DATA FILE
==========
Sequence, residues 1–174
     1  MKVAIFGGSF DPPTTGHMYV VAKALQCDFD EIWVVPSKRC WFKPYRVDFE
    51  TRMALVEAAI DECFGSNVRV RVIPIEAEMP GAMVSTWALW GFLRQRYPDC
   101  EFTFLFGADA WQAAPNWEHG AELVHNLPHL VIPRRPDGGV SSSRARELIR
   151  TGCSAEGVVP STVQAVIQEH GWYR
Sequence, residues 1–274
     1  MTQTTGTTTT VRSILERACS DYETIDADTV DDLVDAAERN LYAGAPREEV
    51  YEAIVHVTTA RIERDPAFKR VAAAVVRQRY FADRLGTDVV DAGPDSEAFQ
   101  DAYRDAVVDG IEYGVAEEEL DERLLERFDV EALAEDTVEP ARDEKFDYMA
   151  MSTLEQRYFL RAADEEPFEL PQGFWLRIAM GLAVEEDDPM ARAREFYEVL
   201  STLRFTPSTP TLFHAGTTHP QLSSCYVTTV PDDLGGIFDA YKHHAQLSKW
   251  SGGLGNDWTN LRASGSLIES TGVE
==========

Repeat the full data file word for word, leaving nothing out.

Sequence, residues 1–174
     1  MKVAIFGGSF DPPTTGHMYV VAKALQCDFD EIWVVPSKRC WFKPYRVDFE
    51  TRMALVEAAI DECFGSNVRV RVIPIEAEMP GAMVSTWALW GFLRQRYPDC
   101  EFTFLFGADA WQAAPNWEHG AELVHNLPHL VIPRRPDGGV SSSRARELIR
   151  TGCSAEGVVP STVQAVIQEH GWYR
Sequence, residues 1–274
     1  MTQTTGTTTT VRSILERACS DYETIDADTV DDLVDAAERN LYAGAPREEV
    51  YEAIVHVTTA RIERDPAFKR VAAAVVRQRY FADRLGTDVV DAGPDSEAFQ
   101  DAYRDAVVDG IEYGVAEEEL DERLLERFDV EALAEDTVEP ARDEKFDYMA
   151  MSTLEQRYFL RAADEEPFEL PQGFWLRIAM GLAVEEDDPM ARAREFYEVL
   201  STLRFTPSTP TLFHAGTTHP QLSSCYVTTV PDDLGGIFDA YKHHAQLSKW
   251  SGGLGNDWTN LRASGSLIES TGVE